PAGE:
(Beyond Pesticides, April 4, 2019)¬† Following on its verdict that the herbicide Roundup caused plaintiff Edwin Hardeman’s¬† non-Hodgkin lymphoma¬†(NHL), the jury on March 27 issued an award of $80 million‚ÄĒ$5 million in compensatory damages and $75 million in punitive damages‚ÄĒfor improper labeling and negligence on the part of the manufacturer and defendant, Monsanto. The trial, the first federal Roundup cancer trial, marks the first of a multidistrict litigation against Monsanto, with more than 1,600 similar lawsuits pending in San Francisco‚Äôs federal court. The jury‚Äôs second verdict affirmed Mr. Hardeman‚Äôs allegations that Roundup‚Äôs design is defective and lacks sufficient warnings, and that Monsanto was negligent by not using reasonable care to warn about Roundup‚Äôs NHL risk. The Edwin Hardeman v. Monsanto Co. jury verdict marks the second multi-million dollar award to be granted in a landmark case against Bayer/Monsanto within the past year. Last August in San Francisco Superior Court, California groundskeeper Dewayne ‚ÄúLee‚ÄĚ Johnson was awarded $39 million in compensatory damages, and $250 million in punitive damages in the first case that linked his NHL to Monsanto‚Äôs glyphosate/Roundup. In October, the judge in the case upheld the verdict, but reduced the award to $78 million. Mr. Hardeman is represented by […]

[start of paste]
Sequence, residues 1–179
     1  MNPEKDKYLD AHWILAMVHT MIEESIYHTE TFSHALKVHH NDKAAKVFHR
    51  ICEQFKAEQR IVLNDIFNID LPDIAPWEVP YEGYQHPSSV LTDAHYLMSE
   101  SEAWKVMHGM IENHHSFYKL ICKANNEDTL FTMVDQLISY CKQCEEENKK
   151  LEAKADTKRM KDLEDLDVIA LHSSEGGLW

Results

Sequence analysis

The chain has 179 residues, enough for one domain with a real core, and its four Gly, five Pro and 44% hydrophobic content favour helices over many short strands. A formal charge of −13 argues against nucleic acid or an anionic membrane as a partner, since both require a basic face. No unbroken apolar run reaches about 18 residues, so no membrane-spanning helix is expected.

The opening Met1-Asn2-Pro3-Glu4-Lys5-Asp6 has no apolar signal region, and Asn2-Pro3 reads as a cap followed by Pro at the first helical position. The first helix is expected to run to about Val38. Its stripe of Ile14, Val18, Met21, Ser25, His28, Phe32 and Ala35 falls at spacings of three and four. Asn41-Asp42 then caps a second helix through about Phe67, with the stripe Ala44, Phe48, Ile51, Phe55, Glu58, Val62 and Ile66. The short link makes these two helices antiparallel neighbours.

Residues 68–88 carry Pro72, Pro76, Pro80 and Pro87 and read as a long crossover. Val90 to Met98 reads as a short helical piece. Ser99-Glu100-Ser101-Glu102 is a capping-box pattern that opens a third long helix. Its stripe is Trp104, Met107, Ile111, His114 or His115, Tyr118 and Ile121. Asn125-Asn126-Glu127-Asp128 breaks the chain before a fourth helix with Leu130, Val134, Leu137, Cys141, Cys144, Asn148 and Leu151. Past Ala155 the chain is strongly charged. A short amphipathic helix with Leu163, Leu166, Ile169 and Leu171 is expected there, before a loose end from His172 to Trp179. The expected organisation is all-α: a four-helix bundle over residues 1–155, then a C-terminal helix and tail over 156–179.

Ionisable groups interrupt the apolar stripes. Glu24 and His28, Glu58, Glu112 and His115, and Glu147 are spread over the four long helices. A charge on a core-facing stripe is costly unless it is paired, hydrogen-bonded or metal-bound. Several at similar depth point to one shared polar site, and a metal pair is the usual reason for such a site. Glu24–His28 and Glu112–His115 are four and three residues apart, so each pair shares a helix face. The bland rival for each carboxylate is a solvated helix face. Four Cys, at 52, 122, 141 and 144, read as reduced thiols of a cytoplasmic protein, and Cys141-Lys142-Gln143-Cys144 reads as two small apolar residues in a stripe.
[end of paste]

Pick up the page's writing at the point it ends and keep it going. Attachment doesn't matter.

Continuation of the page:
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28
Mar

Documents Reveal that Interior Nominee Censored Endangered Species Assessment of Organophosphates